I waited until I could hear the groan my father’s desk chair and the skitter of its wheels rolling into place as it received him. Once he fixed himself for the day, he typically did not rise again until lunch. I crawled to the book as quietly as my hands and knees allowed and grabbed it. Shame washed through me as I pulled it to my chest. Then, more powerfully, a thrill of pleasure.
In my corner I sat the book in my lap and began to leaf through its contents. It was just a book of film, but my heart raced. For the first time in years I felt my mother’s tangible imprint on our lives together. Not only had she captured these images, but she’d documented proof of how things once were between us.
Each page was translucent plastic and gently puckered in my hands. Beneath each plastic insert was an accompanying paper caption wherein my mother had penned brief explanations for each photograph she’d taken. Many of the pictures were before my time – my mother and her brothers on a boat (“on the boat with Kurt and Son”); my father releasing a haphazard smile beneath the shadow of a blue baseball cap (“Bemidji visit, ’92”); my mother with a frothing yellow perm beside Shing, a Chow Chow mutt who died when I was younger, as a puppy (“move-in day”). I marveled at this one. I drew my index finger over the laminate. He was so little then! His height would not have exceeded my knee. And my mother, young and vibrant, her smile blooming like a poppy for the lens. Every girl thinks her mother looks like a model, but mine really did.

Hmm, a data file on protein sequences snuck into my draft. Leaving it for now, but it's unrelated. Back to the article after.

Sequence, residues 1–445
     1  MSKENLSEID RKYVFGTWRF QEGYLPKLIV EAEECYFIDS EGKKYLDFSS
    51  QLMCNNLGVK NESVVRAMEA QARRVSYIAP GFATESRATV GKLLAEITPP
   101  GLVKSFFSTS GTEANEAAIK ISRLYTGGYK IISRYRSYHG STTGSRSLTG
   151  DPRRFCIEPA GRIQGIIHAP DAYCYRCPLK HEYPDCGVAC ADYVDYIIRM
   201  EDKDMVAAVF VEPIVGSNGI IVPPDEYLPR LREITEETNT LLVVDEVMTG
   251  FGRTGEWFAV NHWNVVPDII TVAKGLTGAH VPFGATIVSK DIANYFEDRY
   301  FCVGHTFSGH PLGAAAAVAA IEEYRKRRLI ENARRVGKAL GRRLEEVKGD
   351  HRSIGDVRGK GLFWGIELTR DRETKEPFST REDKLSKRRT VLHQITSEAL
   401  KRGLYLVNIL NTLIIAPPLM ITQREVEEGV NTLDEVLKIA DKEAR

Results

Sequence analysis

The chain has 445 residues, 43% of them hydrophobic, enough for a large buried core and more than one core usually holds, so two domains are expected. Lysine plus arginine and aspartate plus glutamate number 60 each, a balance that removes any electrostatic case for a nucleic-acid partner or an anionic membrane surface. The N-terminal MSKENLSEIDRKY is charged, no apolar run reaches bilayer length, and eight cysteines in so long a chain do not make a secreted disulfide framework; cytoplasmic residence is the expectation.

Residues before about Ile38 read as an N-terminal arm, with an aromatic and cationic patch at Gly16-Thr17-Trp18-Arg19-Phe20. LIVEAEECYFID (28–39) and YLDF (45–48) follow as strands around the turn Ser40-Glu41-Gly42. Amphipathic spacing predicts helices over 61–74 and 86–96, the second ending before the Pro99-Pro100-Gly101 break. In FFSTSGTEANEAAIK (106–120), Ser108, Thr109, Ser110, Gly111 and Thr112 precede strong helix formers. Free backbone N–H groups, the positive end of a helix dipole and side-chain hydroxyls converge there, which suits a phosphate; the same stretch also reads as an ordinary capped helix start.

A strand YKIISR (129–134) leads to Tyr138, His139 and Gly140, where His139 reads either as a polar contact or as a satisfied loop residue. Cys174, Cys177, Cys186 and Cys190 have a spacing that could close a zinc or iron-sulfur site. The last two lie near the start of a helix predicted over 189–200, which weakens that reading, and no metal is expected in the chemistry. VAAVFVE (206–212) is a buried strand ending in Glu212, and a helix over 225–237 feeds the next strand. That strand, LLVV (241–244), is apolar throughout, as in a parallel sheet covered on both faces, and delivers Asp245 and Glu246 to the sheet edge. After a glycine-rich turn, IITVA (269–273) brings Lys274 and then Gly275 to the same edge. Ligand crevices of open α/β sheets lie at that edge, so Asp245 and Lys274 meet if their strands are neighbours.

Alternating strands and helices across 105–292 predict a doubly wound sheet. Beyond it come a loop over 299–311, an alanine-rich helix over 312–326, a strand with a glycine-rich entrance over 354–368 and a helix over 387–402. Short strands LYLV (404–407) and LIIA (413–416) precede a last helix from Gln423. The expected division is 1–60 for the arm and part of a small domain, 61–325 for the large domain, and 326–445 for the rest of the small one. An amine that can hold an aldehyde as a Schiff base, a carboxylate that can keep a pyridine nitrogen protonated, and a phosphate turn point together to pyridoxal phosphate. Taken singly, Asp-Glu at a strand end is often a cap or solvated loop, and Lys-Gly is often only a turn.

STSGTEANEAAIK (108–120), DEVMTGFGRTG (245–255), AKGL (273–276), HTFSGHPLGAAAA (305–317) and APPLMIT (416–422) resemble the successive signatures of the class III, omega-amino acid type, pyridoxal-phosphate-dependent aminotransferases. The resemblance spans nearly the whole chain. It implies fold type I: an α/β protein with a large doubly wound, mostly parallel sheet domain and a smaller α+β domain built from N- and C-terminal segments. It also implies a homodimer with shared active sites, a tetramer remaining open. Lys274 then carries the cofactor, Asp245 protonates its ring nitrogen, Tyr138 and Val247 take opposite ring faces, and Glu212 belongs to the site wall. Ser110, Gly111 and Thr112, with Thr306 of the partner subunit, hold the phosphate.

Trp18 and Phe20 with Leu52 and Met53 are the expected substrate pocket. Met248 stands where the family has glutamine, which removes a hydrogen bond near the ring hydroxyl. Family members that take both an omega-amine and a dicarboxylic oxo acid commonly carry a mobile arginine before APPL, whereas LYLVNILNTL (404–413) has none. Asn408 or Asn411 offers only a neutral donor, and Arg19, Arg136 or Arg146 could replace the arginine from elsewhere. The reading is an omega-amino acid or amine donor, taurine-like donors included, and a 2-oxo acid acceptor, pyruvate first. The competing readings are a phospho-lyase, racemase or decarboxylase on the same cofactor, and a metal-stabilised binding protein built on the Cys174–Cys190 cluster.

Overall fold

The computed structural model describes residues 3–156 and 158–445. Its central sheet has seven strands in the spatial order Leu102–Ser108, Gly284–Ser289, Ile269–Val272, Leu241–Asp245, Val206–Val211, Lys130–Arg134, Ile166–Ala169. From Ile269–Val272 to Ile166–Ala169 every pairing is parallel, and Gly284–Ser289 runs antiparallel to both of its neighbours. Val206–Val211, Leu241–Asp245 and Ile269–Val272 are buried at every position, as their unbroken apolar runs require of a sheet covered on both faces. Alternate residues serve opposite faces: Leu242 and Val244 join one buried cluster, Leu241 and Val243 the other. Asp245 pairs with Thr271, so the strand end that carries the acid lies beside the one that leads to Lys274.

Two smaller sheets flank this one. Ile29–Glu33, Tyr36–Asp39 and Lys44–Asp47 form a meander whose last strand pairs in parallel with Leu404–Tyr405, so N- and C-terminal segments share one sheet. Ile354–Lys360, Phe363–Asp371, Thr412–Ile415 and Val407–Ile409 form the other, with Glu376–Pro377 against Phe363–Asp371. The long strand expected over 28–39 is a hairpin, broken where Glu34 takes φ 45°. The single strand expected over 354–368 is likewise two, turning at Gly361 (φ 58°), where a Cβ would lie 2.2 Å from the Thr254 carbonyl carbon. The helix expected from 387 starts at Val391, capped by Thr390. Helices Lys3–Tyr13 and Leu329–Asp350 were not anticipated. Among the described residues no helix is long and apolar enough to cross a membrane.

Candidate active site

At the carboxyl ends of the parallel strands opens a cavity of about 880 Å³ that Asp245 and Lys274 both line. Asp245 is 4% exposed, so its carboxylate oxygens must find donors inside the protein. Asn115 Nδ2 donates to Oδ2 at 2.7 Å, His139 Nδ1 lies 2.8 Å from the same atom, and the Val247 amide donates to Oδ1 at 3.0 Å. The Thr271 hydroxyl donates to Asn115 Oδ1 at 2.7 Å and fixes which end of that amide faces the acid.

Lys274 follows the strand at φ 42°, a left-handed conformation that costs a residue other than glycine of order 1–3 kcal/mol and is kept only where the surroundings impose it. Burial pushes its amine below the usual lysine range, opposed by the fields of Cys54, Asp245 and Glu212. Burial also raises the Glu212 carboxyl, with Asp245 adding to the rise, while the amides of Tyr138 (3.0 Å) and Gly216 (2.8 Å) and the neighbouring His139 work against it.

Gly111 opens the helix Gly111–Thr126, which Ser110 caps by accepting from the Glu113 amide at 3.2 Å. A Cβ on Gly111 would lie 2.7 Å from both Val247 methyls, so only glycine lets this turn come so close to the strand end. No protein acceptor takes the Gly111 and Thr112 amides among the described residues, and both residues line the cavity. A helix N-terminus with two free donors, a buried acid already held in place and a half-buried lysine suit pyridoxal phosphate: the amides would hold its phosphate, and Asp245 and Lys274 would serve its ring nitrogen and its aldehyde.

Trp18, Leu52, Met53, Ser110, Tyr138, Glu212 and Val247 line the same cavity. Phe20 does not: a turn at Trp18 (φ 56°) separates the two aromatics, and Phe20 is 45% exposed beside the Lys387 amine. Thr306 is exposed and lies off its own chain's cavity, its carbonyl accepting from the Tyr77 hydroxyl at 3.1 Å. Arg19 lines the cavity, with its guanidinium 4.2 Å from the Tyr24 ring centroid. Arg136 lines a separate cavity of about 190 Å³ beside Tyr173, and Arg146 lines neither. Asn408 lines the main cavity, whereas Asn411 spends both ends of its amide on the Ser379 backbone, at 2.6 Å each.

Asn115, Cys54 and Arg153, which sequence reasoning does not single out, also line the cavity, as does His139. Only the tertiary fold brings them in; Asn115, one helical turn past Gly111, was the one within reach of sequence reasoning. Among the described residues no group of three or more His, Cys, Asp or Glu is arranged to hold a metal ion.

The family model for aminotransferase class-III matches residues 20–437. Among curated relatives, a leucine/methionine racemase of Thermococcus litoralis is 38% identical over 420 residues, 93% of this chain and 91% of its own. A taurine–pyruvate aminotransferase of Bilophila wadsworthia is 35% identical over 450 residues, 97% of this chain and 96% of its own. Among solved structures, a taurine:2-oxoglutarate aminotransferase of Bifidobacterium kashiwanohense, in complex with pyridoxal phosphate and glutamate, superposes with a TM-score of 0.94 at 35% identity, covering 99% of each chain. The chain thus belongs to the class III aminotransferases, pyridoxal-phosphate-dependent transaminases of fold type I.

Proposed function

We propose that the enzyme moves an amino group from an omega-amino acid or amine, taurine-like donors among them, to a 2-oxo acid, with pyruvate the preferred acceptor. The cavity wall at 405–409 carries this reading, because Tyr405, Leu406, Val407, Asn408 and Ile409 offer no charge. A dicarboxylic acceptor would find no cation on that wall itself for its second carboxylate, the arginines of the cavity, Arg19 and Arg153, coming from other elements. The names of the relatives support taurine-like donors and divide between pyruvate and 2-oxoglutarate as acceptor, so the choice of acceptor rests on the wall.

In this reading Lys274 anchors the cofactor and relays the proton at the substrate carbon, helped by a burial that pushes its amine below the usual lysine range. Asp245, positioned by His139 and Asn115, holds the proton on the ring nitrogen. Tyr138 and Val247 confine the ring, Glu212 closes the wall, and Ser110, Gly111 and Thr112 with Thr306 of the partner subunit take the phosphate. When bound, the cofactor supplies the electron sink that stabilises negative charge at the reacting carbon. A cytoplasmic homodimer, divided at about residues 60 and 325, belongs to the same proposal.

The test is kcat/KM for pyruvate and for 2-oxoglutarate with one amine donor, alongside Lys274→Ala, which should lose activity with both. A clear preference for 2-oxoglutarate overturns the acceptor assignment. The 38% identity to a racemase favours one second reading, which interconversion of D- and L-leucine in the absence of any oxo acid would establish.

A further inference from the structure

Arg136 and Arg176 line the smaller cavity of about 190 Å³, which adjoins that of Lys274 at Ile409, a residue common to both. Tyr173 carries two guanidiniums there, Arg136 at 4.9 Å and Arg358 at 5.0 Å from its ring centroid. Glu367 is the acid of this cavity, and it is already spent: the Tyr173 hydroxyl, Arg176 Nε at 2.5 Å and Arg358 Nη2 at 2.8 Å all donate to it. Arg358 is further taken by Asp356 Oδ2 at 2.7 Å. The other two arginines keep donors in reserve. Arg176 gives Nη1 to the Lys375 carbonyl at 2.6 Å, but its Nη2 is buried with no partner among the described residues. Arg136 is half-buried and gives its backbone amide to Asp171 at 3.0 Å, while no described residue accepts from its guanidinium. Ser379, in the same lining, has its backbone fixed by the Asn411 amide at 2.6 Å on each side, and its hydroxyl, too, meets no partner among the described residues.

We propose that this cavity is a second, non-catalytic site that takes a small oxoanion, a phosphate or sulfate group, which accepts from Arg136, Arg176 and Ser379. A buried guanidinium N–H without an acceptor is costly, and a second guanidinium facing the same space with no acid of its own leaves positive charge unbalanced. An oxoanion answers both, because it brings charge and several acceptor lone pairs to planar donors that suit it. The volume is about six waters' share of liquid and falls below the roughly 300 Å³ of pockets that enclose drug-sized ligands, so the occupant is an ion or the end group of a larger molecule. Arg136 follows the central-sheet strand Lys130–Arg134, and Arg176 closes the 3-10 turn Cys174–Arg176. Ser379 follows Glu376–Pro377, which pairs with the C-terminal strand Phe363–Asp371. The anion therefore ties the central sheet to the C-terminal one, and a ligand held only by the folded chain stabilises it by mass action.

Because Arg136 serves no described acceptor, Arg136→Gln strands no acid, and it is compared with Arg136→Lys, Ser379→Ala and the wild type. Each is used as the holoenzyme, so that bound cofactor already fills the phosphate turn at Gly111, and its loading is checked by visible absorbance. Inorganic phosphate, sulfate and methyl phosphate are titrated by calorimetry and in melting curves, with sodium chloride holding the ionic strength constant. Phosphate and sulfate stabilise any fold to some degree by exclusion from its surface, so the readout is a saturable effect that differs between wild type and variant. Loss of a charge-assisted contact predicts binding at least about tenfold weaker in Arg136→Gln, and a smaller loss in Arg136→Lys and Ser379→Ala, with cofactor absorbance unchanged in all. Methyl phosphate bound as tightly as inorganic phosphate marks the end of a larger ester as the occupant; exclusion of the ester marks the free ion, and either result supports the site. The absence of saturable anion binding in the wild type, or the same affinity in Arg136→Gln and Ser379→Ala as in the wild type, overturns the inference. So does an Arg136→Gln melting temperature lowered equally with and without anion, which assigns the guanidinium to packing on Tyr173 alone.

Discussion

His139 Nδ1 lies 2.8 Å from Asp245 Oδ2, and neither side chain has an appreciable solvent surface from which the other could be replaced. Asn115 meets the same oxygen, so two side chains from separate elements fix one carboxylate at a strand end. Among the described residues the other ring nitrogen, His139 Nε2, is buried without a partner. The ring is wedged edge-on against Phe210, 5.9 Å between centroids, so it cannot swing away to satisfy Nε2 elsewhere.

I smiled as I examined her hair. Gorgeous, but. She looked so eighties. I would tease her for this later.
Soon came my baby photos. Though I’d been mostly bald for the first year of my life, my mother routinely clipped whatever fuzz accumulated on the top of my head into a barrette with a fabric rose planted securely at its center. My hair, as a result, stuck straight up like a bundle of willow thread at the crown of my skull. I looked like a clown.
On the very next page was a photo of me, just as young, fisting my chubby hands at my sides. Wet eyelashes, ruddy cheeks. My expression was warped into a frozen wail.